I suspect that this weblog will be quiet for a few days as I leave town for the holidays.  I’m flying to snowy New Hampshire this evening for a few days and I suspect I’m not going to have a wireless internet connection, the time, or the inclination to do much writing.  I hope I’ll be back to posting by Monday December 29.  I wish everyone the most joyous of holidays.

Kevin Bliss  

Where do you stand on the political spectrum?  Left, Right, Authoritarian, Libertarian? 

Thanks to MW at the Divided We Stand weblog, I was introduced to a test designed to determine where one stands on the political spectrum.  Unlike most such tests, this one isn’t just focused on left-right but also adds the dimension of authoritarian, libertarian.  The test is by the group Political Compass and can be found here.  Take the test and let me know where you stand.  Try as I might I’ve been unable to paste a copy of my graph into this posting.  By way of description, I am dead in the center (left-right) and 4 1/2 boxes down on the authoritarian-libertarian scale.  My libertarian bent probably explains my historical inclination to support GOP candidates, otherwise it seems I’m about as center (left-right) as it’s possible to be.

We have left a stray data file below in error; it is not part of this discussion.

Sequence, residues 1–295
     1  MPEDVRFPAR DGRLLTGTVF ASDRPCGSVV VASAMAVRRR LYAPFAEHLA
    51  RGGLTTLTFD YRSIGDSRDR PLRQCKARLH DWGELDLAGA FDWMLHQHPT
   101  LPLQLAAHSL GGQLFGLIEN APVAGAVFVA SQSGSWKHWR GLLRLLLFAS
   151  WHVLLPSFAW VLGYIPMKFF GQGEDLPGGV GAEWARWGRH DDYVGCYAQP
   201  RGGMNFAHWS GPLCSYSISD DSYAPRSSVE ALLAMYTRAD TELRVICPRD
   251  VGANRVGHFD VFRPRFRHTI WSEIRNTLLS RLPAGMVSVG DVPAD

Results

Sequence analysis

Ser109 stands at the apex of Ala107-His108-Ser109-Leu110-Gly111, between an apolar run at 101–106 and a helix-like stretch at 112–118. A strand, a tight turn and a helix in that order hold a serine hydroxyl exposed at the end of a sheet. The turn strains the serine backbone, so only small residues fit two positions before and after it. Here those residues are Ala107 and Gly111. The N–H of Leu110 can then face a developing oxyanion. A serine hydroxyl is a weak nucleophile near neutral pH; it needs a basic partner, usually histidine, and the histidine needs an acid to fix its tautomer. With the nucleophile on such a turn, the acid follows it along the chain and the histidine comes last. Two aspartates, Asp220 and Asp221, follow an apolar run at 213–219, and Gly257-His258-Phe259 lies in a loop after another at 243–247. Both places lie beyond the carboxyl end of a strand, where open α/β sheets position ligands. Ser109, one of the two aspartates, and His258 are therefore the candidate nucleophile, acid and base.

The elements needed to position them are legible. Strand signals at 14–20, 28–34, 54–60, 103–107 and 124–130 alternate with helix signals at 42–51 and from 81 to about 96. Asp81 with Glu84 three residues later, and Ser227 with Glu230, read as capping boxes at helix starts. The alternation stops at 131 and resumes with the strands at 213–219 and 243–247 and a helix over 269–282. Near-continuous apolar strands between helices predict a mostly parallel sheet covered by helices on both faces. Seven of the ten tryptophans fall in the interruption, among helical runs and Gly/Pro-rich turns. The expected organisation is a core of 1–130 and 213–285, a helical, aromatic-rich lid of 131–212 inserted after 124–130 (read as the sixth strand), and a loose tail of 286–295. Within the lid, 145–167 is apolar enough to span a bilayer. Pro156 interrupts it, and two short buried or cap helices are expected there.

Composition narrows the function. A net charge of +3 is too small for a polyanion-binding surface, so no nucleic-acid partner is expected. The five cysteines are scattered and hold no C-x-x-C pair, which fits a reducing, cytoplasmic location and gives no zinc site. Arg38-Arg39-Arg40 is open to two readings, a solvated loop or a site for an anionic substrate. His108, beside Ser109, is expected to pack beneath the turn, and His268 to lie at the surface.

In remembrance of all who have died that we might live in freedom.  In particular I remember my great uncle, H.D. Cheeseman, who died at the age of 22 in August of 1918 and lies buried in the Fouquescourt British Cemetery in France.

In Flanders Fields

In Flanders fields the poppies blow
Between the crosses, row on row,
That mark our place; and in the sky
The larks, still bravely singing, fly
Scarce heard amid the guns below.

We are the dead. Short days ago
We lived, felt dawn, saw sunset glow,
Loved, and were loved, and now we lie
In Flanders fields.

Take up our quarrel with the foe:
To you from failing hands we throw
The torch; be yours to hold it high.
If ye break faith with us who die
We shall not sleep, though poppies grow
In Flanders fields.

Lt.-Col. John McCrae

There is a blurb in the New York Times today under the heading “The Caucus” entitled Casting Blame, by Name.  It talks about the video that has hit the country, apparently, by storm.  I received my personalized copy yesterday, from my sister.  (Thank you by the way for giving my email address to one of my least favorite organizations.  It was probably worth it just to see it, however.)  According to the Times article, as of yesterday, “more than 9.7 million people had sent a version of the video to a friend, relative or acquaintance.”  This all began on October 22.  So, here is my video.  Order one up yourself for a close friend or relative.